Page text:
Last installment we started to break down the fastball by talking about velocity. While we touched on other aspects of the pitch, we will go into greater detail with fastball movement today. The movement of a fastball is just as, if not more, important than velocity. Eventually even below-average hitters will time up an 80-grade fastball that’s straight as an arrow, but only a small amount of movement is needed to move off the barrel towards the handle or the end of the bat. That being said, let’s dive into the different types of fastball movement.
The rest of this article is restricted to Baseball Prospectus Subscribers.
Not a subscriber?
Click here for more information on Baseball Prospectus subscriptions or use the buttons to the right to subscribe and get access to the best baseball content on the web.
Ranking closers based on how bad they've looked at the plate.
Roster expansion begins today, so last night's Giants/Dodgers game may be the the last of the season where a reliever batted for both teams. To celebrate the Chris Hatchers and George Kontoses (Konti?) of the world, here's a GIF-laden look at the ones who bat least and why it's often well-deserved. This article originally ran on August 22, 2013.
On Wednesday night, Aroldis Chapman entered an 8-6 game in relief of an injured Jonathan Broxton, who faced two batters in the top of the eighth before his elbow cut his outing short. It was the first time Chapman had been asked to get more than three outs all season. And because a “distraught” Dusty Bakerscrewed up the double switch, Chapman also made his first major-league plate appearance in the bottom of the inning.
Thanks to the well-timed retirements of Chipper Jones, Mariano Rivera, and Derek Jeter, we've been plagued by treated to back-to-back-to back retirement tours in 2012, 2013, and now 2014. Ostensibly, the most memorable aspect of these final laps around the league is the chance to get a last glimpse at an outgoing great, but we all know that what we really remember is each team’s choice of retirement gift. I don’t remember Jones’ ceremony in San Diego, but I do remember that the Padres gave him a surfboard. I don’t recall how the Rays recognized Rivera, but I’ll never be able to unsee the creepy golem-like sand structure they created for the occasion. And so on.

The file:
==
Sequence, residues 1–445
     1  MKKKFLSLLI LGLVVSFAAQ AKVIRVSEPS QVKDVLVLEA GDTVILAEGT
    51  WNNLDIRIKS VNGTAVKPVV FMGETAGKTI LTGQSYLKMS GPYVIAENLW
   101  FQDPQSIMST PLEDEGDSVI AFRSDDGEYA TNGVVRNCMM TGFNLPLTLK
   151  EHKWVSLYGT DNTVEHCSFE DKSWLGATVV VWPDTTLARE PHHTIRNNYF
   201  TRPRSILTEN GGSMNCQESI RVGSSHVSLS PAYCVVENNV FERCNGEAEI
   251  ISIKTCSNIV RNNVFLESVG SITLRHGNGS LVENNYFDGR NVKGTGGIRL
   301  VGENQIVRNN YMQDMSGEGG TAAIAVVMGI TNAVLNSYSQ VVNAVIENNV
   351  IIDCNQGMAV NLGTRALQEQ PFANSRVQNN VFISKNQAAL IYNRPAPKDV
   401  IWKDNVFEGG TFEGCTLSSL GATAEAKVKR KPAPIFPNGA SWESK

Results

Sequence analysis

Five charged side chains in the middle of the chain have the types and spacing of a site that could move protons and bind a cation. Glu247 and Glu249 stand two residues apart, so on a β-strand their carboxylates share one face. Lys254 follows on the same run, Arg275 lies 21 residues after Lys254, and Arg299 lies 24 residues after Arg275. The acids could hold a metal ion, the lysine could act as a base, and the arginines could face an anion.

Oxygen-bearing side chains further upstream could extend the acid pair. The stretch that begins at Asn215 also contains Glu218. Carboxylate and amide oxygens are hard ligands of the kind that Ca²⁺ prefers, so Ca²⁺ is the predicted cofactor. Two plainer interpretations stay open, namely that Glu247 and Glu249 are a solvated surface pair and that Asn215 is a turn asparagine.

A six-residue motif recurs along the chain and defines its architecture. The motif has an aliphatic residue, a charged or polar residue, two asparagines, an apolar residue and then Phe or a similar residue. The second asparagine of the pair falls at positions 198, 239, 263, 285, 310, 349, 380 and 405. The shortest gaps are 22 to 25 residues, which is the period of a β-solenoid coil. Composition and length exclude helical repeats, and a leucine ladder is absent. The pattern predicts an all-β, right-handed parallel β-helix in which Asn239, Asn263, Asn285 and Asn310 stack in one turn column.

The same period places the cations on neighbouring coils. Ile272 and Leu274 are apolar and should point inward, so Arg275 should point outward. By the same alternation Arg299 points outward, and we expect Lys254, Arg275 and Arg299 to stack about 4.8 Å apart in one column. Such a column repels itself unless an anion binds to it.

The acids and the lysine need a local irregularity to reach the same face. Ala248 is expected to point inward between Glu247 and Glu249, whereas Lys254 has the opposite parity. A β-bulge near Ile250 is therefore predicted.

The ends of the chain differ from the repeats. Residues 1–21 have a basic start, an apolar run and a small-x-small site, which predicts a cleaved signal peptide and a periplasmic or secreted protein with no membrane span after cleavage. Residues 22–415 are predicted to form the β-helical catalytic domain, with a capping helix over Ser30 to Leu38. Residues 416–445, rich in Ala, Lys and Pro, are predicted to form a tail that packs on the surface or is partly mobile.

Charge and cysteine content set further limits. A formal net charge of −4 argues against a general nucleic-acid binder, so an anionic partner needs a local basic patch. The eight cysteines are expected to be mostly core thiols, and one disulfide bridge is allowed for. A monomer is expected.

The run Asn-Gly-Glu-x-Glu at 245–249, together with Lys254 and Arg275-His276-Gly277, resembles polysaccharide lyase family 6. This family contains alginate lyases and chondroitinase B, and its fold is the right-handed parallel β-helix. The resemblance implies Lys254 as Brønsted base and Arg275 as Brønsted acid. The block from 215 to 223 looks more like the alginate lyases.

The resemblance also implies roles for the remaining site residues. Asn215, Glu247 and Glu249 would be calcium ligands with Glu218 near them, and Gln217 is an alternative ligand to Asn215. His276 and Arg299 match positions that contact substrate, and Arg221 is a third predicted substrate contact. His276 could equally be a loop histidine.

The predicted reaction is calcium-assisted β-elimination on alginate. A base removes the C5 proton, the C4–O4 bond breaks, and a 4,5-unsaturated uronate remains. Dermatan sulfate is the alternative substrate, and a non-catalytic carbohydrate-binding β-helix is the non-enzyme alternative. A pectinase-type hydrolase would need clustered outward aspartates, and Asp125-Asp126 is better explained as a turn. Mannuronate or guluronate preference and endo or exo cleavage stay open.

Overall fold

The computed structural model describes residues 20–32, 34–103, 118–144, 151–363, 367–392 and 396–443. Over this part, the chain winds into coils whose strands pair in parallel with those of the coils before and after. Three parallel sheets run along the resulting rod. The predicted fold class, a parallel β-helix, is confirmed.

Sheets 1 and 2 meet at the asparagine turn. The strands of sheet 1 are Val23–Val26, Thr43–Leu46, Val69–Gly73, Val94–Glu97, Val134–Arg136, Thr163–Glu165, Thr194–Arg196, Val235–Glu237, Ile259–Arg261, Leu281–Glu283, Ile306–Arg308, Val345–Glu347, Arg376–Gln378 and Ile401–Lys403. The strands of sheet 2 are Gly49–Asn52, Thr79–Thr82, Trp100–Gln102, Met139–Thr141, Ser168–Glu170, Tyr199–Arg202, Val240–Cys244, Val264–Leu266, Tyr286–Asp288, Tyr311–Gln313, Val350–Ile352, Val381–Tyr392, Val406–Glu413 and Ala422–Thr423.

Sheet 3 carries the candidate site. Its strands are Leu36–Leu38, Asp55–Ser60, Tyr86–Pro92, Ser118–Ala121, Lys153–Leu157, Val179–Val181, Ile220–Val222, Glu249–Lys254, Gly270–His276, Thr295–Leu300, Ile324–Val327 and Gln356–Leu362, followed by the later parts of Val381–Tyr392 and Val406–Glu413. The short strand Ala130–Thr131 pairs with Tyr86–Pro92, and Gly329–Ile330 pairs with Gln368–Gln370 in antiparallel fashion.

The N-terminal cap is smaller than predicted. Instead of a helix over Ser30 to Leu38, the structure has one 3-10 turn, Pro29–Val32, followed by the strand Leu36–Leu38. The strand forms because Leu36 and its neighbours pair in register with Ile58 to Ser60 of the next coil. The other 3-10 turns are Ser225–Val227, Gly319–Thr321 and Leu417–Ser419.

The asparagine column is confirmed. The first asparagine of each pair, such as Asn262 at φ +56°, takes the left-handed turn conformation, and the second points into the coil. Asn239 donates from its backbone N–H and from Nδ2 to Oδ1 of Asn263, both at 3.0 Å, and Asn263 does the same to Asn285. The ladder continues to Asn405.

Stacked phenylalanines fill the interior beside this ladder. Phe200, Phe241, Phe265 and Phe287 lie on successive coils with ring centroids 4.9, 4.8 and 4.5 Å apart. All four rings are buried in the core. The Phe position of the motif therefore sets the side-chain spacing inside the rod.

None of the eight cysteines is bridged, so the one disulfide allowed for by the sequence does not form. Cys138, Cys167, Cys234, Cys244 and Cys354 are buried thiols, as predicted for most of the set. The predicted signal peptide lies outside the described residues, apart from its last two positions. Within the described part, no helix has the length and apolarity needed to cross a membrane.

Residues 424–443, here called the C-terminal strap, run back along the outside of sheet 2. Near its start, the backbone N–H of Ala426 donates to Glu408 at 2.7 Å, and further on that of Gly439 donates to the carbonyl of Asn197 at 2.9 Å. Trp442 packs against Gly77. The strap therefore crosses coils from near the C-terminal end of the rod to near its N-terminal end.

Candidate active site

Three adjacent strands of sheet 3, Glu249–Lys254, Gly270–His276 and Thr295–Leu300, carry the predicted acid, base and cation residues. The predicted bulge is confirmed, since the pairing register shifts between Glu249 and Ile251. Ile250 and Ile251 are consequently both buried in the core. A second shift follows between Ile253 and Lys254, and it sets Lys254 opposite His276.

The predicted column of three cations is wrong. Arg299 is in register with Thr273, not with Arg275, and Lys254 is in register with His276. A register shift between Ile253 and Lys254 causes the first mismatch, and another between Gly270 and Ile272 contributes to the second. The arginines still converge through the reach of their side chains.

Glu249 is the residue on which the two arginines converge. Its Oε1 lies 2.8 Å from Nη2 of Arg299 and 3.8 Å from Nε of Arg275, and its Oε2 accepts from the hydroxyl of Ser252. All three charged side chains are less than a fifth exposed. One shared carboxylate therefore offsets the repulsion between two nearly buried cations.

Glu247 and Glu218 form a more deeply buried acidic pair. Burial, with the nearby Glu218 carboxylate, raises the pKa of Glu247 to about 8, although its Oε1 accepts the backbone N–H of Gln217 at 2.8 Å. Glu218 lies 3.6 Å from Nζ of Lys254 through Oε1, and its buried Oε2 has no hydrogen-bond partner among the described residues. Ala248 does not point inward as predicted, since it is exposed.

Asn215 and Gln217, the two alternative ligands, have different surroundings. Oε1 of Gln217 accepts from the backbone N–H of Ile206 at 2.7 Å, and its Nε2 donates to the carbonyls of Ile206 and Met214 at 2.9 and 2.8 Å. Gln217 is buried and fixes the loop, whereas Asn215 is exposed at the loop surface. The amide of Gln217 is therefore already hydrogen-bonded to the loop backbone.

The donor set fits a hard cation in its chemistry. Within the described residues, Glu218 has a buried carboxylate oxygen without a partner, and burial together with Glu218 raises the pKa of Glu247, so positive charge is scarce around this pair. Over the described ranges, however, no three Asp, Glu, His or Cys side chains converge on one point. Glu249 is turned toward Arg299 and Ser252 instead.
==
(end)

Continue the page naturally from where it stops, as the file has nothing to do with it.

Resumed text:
Why Rivera's October dominance is even more mind-blowing than you think.
First in a series.
It’s practically impossible for a pitcher to allow less than a run per nine innings. Since 1920, there have been about 20,000 pitcher seasons that have covered 50 innings or more. Of those 20,000, eight produced a sub-1.00 ERA. That’s ERA, of course; ERA record holder Fernando Rodney allowed four unearned runs, which pushes him over 1 run per nine. Unearned runs also disqualify Dennis Eckersley (1990), and Bill Henry (1964), and Dennys Reyes (2006), and Chris Hammond (2005), and Eric O’Flaherty (2011), and Jonathan Papelbon (2006). That leaves one pitcher, out of 20,000, who threw 50 innings in a season while allowing less than one run per nine innings. And that guy (Rob Murphy) threw 50 1/3.
Except for the waterworks, the last Bronx appearance of the best reliever ever was much like hundreds of excellent outings before it.
Assuming he doesn’t pitch in Houston this weekend—and after the fanfare and misty-eyed moments of his Yankee Stadium send-off, an appearance against the Astros, unless it’s in center, would feel like a letdown—Mariano Rivera threw his final 13 pitches last night. Let’s watch and savor each one of them, because we’re not going to get any more.
Mariano Rivera bids farewell to New York, the Rangers and Indians win wild ones, and Jason Heyward has a big day.
The Thursday Takeaway
Moments after the Rays defeated the Yankees 4-0, last night, Mariano Rivera went out to the mound. He knelt down, gathered a handful of dirt, and, with that keepsake in hand, bid farewell to the ballpark in which he made 629 career appearances, 53 of them in the playoffs.
As the 2013 season winds down, Mike examines the contract statuses of current closers to evaluate their odds of retaining their jobs in 2014.
With the season winding down, instead of going through the usual exercise of rating relievers by tiers, I thought I would take a look at all 30 closers in Major League Baseball through the lens of their contract statuses. This exercise isn’t intended to offer any predictions on what each team might do this winter, but rather is presented to offer information to keeper league owners who are looking ahead to next year.
The contract information below has been culled from Baseball Prospectus’ contracts database.